Pnina Granirer is an internationally acclaimed Romanian born Canadian artist. This catalogue focuses on a series of mixed media paintings that were inspired by an abandoned millstone quarry and other rock formations on Gabriola Island. Decades after this seminal body of work was produced Granirer started to revisit it, integrating the old work into a new series that incorporated the artist’s long standing love of figurative painting.

Grandpa Used to Wash My Hands with Gasoline : Clint Neufeld

Clint Neufeld is a sculptor from Saskatoon, Saskatchewan. This catalogue explores the body of work produced by the artist since graduate school culminating in ceramic iterations of iconic car engines, like the Ford Flathead, as well as transmissions, an axle and an outboard motor. Many of the objects he casts are associated with masculine endeavours and suggest speed and power. Paradoxically, these objects are also fragile and often finished in a way that evokes fine china like that which he recalls his grandmother collecting. A mash of masculine and feminine tropes, Neufeld’s work is a compelling forum through which changing gender roles can be examined.

Frozen : Donald Lawrence, Mario Villeneuve, Matthew Wheeler

Frozen is a playful exhibition which seeks to address the commonly held perception that photographs represent moments frozen in time. Paradoxically the work of the three artists whose work comprises this exhibition all touches in one way or another on frozen elements. Matthew Wheeler from McBride, BC is represented by a series of photographs produced using a camera lens that he fashioned from ice. Mario Villeneuve’s dichromate photographs centre on images of gloves found frozen at the side of the road in his hometown of Whitehorse. Finally, a selection of photographs and sculpture by Donald Lawrence, centres around his One Eye Folly a rowboat-cum-icefishing-shed-cum-camera obscura. This catalogue explores the work of these three artists offering a counterpoint to the notion of photographs as moments frozen in time.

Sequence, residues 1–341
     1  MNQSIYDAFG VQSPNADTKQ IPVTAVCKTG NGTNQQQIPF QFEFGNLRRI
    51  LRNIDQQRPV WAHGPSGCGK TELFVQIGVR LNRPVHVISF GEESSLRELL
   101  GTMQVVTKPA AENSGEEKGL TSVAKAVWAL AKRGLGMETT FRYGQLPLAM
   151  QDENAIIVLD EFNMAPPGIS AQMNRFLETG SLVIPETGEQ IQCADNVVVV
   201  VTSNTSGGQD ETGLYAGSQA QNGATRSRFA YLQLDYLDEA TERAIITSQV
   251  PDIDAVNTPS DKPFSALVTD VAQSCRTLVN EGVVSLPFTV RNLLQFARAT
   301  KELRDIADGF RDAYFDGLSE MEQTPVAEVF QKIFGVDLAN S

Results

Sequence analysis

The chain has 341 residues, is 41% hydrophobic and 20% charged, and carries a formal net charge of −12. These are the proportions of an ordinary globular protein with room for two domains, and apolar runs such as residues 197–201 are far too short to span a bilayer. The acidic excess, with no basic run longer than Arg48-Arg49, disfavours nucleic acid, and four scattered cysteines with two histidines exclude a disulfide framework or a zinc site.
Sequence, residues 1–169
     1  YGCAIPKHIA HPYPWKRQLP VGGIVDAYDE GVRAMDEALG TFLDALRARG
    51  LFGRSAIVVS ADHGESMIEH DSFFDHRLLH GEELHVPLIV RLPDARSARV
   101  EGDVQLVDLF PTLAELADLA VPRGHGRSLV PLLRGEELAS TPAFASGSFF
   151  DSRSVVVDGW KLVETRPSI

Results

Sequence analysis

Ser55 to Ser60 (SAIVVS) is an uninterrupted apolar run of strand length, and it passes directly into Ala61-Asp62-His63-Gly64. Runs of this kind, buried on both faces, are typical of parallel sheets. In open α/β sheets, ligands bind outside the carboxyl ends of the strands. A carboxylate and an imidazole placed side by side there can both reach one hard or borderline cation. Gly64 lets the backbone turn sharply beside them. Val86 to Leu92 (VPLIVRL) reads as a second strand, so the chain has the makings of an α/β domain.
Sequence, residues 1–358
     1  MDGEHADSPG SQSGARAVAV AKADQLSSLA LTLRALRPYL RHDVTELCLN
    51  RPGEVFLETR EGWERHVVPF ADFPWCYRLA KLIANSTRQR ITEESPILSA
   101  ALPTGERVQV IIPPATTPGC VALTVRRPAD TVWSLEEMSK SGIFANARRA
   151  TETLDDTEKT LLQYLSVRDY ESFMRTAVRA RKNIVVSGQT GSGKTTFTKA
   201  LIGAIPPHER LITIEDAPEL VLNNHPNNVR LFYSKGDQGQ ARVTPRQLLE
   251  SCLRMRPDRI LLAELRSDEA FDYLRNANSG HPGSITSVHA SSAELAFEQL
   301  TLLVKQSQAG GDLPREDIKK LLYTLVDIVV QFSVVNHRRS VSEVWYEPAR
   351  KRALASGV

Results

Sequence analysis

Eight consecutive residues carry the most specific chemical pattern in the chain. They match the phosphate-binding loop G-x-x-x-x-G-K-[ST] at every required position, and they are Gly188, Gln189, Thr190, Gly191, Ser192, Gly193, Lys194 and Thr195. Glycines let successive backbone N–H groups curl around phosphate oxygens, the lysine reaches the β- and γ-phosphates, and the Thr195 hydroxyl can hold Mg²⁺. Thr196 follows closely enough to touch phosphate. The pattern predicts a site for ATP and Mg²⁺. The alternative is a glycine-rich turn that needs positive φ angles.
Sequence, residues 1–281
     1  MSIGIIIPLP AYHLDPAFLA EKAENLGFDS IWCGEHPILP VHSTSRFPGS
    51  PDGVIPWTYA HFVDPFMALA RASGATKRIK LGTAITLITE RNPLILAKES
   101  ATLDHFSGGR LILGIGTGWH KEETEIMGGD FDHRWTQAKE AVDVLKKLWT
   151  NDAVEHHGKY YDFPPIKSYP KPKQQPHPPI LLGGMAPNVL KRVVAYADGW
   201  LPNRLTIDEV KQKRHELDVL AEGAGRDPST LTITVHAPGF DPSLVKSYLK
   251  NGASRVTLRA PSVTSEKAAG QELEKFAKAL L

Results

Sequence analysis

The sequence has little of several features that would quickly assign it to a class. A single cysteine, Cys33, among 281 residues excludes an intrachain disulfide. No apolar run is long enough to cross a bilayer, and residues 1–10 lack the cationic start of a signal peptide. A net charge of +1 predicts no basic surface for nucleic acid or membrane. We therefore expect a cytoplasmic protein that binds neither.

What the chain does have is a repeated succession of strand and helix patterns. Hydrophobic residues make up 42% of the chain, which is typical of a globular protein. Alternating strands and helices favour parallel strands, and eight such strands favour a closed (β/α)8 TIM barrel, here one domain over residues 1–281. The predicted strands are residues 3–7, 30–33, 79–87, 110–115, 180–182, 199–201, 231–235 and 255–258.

The Verge: Between Worlds : Andrea Fredeen, Michele Jensen, Annerose Georgeson, Karma Vance

Paintings, sketches and drawings by Andrea Freeden, Michele Jensen and Karma Vance from Prince George and Annerose Georgeson of Vanderhoof comprised a travelling exhibition that toured around the Regional District of Fraser Fort-George in 2012. This catalogue accompanied the exhibition and looks at the very different way that four artists treated the edge of the forest in their artwork. The forest verge is a magical, mysterious place, familiar to many of us in Central and Northern BC and a fitting theme through which to explore the character of each artists work. Interviews with the exhibiting artists are included.

Caribou : Claire Kujundzic

Caribou represents Kujundzic’s reflection on environmental stewardship and patterns of consumption In the wake of the devastating Pine Beetle. This catalogue documents that project touching on environmental themes and the influence of pre-historic art that had an important impact on Kujundzic’s early work and which then reappeared some years later in the context of this project. This publication explores the artist’s recent history, especially after her move to Wells, BC. It follows her trajectory from her more graphically rendered “Flying Women” styled work to the comparatively spare, and reductive mixed media work from Caribou that incorporates techniques like painting and frottage.